"One thrilling action packed page turner!A fascinating dark novel that thrusts the reader head first into the most terrifying crisis ever to engulf the Vatican- the kidnap of the Pope.
Not only has the Holy Father been snatched from within papal grounds but his sinister captors are seeking use him as bait to orchestrate a third world war." - Ariel, Goodreads
The Pope is missing. Three specialists – a British, a French and an American – are dispatched by a covert division of Anonymous to find him.
Ayden blinked languidly in the pitch-blackness. His breathing began to feel tight. The feeling of compression slowly paralyzed his entire system. The inside of his mind felt dark and utterly soundless. He could hear his own heartbeat. He tried to sit up, and hit his head, slowly realizing he was in a coffin. Soil slipped through the slits, assailing his eyes, nose, mouth, and body. He snorted, blowing out the dirt from his nose, and blinked repetitively to shake off the remainder. He felt his duffel bag between his legs. Air was precious right now. He could only hope help would arrive in time.
Like every other member of the League of Invisible Knights, Ayden had been trained to withstand all kinds of torture. The founders scouted him through the files of military, police, and intelligence organizations. Potential candidates were selected based on certain criteria. Above all, they must have heart. Anyone who failed the training program would have to repeat it. Traitors were dealt with severely.
Ayden agreed to participate in the League’s program because he felt betrayed by the country he loves. His resume impressed the secret echelons of Anonymous. The former Special Air Services (SAS) commando had single-handedly rescued a group of Pashtun women and children in southern Afghanistan from a human trafficking gang. The display of chivalry didn’t impress his superiors, especially since the culprits included Afghan officers. Lieutenant Ayden Tanner should have accepted the “culture” of the environment. Being a member of the League has some perks: a rent-free, three-bedroom apartment in Hampstead Village. Except for junk mail, his letterbox was always empty. The neighborhood stores and cafes knew him as John the Artist since he was always seen at the art shop buying supplies. He hung his artworks all over his apartment walls. But no one had ever seen it. He never brought guests home. He was also John the Reader at a nearby bookstore. He read fast, all kinds of genres, fiction and nonfiction.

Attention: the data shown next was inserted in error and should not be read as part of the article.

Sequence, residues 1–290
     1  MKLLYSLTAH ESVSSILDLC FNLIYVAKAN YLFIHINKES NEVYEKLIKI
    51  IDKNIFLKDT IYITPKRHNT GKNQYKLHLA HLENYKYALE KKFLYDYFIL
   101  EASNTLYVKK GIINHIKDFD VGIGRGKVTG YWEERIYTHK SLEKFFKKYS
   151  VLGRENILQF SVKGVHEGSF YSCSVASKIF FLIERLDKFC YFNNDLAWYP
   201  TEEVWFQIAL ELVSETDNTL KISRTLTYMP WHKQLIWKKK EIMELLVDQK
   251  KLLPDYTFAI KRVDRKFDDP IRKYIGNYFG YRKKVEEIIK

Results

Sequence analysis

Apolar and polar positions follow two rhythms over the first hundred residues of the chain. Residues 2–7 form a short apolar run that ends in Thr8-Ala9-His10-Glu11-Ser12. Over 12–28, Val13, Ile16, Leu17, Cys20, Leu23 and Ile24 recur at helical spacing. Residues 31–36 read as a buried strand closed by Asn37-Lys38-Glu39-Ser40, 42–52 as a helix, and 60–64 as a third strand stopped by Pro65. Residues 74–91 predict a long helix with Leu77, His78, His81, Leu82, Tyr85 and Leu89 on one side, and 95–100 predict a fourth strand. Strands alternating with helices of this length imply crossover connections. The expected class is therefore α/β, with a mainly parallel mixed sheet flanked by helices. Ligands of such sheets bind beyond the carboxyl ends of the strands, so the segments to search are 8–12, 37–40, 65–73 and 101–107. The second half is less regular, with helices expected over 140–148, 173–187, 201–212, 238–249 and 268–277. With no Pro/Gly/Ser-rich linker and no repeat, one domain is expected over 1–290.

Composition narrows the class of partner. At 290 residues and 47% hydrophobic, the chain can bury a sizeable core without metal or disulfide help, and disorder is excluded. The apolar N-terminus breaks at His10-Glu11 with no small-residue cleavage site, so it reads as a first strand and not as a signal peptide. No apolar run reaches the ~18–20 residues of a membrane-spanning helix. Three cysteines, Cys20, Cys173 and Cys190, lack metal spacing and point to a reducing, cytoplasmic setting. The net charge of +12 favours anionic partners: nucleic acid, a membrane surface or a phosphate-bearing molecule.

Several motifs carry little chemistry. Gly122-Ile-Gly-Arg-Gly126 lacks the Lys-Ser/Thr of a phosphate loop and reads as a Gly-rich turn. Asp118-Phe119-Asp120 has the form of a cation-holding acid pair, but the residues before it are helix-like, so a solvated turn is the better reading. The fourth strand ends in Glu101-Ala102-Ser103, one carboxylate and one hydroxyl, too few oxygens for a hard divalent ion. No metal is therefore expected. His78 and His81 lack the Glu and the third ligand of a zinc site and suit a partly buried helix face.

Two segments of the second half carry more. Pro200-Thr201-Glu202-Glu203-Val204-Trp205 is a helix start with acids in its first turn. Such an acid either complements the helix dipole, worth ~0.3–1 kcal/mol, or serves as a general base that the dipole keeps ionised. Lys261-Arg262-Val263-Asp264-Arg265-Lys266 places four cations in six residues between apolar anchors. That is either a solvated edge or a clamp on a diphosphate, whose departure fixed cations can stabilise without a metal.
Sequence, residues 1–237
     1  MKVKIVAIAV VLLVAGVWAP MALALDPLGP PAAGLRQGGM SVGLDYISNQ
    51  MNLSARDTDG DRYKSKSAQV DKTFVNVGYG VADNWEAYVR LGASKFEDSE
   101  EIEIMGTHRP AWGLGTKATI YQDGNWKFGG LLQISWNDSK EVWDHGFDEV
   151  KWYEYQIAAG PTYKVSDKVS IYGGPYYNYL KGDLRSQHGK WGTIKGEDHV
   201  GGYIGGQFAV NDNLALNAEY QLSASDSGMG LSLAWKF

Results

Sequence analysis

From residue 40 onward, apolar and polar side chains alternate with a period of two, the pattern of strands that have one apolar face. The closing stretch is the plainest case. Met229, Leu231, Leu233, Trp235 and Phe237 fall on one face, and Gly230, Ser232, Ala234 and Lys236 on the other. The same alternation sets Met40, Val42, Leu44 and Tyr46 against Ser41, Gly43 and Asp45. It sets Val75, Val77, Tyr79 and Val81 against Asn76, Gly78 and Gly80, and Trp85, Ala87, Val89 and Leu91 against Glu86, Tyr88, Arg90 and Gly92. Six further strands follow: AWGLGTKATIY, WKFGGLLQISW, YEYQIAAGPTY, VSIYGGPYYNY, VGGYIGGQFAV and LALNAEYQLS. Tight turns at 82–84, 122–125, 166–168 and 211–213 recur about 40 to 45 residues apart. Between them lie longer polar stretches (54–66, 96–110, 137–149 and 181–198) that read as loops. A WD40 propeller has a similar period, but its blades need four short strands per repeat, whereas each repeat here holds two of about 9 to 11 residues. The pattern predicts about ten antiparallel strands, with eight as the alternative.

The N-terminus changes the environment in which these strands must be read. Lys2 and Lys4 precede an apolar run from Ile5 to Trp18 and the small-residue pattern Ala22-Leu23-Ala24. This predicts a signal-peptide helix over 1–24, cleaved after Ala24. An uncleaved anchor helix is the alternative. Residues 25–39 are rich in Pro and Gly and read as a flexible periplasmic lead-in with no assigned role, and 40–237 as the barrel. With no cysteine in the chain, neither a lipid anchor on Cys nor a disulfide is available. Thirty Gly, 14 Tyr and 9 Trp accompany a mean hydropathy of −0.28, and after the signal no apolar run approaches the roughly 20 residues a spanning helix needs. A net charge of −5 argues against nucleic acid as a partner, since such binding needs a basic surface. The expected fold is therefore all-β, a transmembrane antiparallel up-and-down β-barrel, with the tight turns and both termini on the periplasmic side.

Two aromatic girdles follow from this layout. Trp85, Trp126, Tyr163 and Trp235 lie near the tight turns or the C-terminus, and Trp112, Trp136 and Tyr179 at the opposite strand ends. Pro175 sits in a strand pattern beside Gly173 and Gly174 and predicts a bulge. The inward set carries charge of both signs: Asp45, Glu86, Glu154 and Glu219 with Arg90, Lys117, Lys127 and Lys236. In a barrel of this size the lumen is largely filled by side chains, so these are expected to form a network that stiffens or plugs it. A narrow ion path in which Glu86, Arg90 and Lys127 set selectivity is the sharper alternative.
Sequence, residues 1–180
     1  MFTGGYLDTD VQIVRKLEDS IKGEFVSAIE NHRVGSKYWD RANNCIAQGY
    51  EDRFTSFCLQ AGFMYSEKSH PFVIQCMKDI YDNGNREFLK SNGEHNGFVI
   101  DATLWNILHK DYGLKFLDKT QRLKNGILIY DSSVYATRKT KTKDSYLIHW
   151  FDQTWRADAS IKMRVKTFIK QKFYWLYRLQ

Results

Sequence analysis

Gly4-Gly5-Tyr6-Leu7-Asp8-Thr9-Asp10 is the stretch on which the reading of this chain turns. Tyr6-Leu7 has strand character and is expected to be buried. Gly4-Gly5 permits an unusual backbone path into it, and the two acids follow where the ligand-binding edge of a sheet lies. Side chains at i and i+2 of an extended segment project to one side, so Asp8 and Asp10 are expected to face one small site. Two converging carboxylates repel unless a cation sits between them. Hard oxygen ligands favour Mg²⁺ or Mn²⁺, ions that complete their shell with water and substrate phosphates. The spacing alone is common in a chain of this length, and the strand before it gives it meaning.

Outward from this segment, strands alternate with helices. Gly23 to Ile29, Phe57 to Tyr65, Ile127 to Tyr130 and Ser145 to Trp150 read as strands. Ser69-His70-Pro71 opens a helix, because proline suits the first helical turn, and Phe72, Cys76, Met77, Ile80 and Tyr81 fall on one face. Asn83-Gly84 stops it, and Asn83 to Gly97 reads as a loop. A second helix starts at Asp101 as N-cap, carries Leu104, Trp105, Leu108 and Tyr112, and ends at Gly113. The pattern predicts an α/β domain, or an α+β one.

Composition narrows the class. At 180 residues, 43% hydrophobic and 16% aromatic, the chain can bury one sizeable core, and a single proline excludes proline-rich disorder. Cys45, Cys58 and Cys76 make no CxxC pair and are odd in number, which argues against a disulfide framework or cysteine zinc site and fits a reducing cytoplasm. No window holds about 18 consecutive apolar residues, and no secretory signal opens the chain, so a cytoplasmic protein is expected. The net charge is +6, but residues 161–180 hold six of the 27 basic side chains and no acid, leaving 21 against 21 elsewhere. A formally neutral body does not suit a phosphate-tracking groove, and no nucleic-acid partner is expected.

He couldn’t recall how he ended up on the secret island. All he could remember was being kicked out of a bar one night in London after staring a drunken brawl. He found himself the next morning having coffee in the kitchen of a small cottage on the outskirts with a man who simply introduced himself as Mr. Somebody. He spent the next few days in the cottage. Then one day he woke up on a beach with a man in a Guy Fawkes mask staring down at him. No doubt, Mr. Somebody had drugged him. He learned the reason later. The island’s location must remain a secret. From the landscape, vegetation, and animals on it, he gathered he was still somewhere in the UK.
He spent the first three months in a wooden shack, isolated, disconnected from human contact. Rabbits, unusual looking butterflies and foxes kept him company. He was given basic amenities and supplies to survive alone. He soon discovered the value of isolation. It helped cleanse his thoughts and removed impurities inside the soul.
At the end of the isolation period, Ayden was taken to meet other candidates and the training began. Under the tutelage of no-nonsense instructors he learned martial arts, espionage strategies, holistic security strategy, language proficiency and shibboleth, espionage parlance and the art of disguise. Those were morning lessons. Afternoon lessons were more intensive. Lights out by ten.
Upon graduation, Ayden was given a special honor—death. An obituary in the newspaper reported his demise—a car accident during a road trip to Devon, it seems. His body was buried in an Anglican cemetery. Even though he grew up to become a non-believer, the charade was necessary. It was easily fabricated since both his parents were dead. No siblings or other relatives made it easier. The only son of an Anglican pastor and a housewife mother, their memory continued to linger in his mind. He credited them for teaching him values even though he didn’t agree with his father’s beliefs.
About the author:
Khaled is a former journalist with local and international exposure. His articles have been published and syndicated to newspapers worldwide, and his short stories have appeared in literary journals and magazines. The author is a member of the UK Crime Writers Association and the International Thriller Writers. He lives in Singapore.